Imagine if, five times in 18 months, I stuck my head out the window on a random day, made a guess of the temperature that was 95% likely to be 3 degrees or less too high or too low and, then, extrapolated climate change data from my results. You would laugh at me: too much chance and margin of error, not enough data points. Still, that doesn’t stop the Herald.
And you can see why they’ve got to make a big deal of their polls: these things cost tens of thousands of dollars each. You’re talking months of a journalist’s salary for a single poll. So, no matter what it says, it’s going to be a bloody story – a series of stories if possible.
Here, for comparison, is the Roy Morgan results post-election beside the Herald’s (the big dots).
You can see two things – first, the Herald consistently puts National much higher than the Roy Morgan. Second, there just aren’t enough data points to hang a trend off for the Herald. If I put in the error bars as well, you would see that we can’t have a clue who is going up or down or staying still just relying on the Herald. The Roy Morgan, on the other hand, gives us 34 polls since the election and even that is only just enough to really tell us there’s a trend, not just statistical noise. (it’s tempting, almost instinctive, to say the Herald’s trend is divergent from the Roy Morgan trend but you have to pull yourself back and say ‘no, there can be no trend in the Herald’s numbers’)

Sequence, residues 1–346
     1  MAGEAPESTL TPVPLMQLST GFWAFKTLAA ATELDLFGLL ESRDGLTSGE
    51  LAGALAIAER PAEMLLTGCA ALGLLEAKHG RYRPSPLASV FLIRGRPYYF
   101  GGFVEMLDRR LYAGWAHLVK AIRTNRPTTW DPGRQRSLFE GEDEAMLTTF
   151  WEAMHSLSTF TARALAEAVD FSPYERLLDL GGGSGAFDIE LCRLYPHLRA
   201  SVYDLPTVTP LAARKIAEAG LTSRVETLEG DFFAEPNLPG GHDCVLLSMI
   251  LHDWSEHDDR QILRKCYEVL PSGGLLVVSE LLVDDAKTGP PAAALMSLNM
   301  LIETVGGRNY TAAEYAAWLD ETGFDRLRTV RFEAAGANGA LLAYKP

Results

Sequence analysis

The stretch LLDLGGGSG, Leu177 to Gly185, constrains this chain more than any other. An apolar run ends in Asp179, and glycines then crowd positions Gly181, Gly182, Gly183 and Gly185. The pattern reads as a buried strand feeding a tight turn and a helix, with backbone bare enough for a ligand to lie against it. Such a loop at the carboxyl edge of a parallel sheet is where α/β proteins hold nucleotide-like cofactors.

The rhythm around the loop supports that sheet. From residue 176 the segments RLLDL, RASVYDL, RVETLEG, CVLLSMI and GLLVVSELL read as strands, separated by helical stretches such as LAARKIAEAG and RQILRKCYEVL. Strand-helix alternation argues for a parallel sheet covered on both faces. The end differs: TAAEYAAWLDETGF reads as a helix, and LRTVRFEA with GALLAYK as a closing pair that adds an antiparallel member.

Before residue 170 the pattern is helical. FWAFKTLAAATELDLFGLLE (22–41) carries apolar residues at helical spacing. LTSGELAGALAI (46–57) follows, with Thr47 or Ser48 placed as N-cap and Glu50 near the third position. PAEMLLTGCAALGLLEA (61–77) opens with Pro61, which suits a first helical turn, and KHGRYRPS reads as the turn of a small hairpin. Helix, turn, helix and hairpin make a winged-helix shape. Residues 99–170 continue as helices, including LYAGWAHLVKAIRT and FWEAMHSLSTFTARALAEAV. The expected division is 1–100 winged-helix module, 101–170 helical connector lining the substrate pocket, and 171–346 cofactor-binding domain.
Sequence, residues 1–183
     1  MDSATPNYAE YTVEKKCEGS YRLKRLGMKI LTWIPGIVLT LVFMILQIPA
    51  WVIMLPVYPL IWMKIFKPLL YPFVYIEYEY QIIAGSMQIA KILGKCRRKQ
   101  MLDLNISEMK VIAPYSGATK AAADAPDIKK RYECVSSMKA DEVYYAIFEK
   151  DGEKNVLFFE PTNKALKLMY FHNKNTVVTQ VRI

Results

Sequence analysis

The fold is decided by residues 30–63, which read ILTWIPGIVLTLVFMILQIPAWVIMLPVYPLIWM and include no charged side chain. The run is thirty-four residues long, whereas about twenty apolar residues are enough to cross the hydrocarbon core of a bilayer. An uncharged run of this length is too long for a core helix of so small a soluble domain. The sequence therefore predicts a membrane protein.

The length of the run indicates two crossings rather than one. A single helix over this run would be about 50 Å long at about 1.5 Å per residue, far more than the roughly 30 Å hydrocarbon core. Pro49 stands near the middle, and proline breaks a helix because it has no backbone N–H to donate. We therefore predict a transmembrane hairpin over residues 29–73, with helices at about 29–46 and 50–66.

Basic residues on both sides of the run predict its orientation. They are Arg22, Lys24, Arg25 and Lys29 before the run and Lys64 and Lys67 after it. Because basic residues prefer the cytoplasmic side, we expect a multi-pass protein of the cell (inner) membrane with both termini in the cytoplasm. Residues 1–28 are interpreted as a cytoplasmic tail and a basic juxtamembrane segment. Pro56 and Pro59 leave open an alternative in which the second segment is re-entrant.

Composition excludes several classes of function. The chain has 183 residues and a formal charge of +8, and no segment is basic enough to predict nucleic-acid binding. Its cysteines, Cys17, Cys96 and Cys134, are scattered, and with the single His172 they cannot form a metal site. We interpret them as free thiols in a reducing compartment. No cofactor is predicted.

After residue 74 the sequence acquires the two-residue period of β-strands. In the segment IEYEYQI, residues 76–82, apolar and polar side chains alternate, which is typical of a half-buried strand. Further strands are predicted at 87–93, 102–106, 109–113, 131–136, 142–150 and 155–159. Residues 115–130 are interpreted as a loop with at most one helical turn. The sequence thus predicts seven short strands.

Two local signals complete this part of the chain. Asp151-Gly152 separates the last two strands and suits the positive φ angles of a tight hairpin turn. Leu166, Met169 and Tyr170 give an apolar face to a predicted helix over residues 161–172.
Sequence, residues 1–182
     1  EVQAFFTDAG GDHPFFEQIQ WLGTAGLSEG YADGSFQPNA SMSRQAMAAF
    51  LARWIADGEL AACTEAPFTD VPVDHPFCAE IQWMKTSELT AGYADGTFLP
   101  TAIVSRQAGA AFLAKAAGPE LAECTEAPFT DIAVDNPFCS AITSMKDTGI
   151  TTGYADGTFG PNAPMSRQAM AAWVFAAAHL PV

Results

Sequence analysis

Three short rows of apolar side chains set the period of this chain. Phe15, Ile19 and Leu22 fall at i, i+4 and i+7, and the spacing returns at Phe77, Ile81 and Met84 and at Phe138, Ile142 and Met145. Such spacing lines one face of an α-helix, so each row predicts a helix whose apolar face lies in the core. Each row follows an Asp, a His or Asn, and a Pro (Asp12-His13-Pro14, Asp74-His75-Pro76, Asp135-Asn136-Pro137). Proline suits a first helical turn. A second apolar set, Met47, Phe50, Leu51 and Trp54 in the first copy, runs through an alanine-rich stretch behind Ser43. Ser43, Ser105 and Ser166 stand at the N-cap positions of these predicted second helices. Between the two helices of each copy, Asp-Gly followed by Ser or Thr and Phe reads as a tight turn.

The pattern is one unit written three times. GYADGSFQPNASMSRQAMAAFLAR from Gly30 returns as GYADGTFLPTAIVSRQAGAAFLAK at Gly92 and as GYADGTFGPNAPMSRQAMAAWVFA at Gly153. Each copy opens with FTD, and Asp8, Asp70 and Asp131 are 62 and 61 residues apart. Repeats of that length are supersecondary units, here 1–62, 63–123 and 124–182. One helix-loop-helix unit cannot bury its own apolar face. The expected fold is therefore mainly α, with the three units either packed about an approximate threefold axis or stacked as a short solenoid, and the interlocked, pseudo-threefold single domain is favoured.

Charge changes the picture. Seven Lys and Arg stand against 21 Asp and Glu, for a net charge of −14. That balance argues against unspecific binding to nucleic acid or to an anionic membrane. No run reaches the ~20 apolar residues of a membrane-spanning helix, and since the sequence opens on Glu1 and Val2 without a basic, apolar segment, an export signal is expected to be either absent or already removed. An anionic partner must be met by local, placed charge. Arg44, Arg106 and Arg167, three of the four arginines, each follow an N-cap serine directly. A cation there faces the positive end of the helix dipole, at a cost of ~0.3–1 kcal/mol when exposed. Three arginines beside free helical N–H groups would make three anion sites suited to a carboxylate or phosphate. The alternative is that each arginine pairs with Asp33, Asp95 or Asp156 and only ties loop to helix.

The irony, of course, is that you see journalists poo-pooing the Roy Morgan for always ‘jumping around’. In fact, jumping around is what polls do – the same population with the same views could return polls taken at the same time with party results that are 4,5,6% different and it wouldn’t mean a thing – that’s just what happens when you ask 750 people a question and then try to extrapolate from that what over 2 million voters think. The irregular polls like the Herald jump around just as much as the Roy Morgan but, because you see them less often, you tend to put more meaning behind those movements.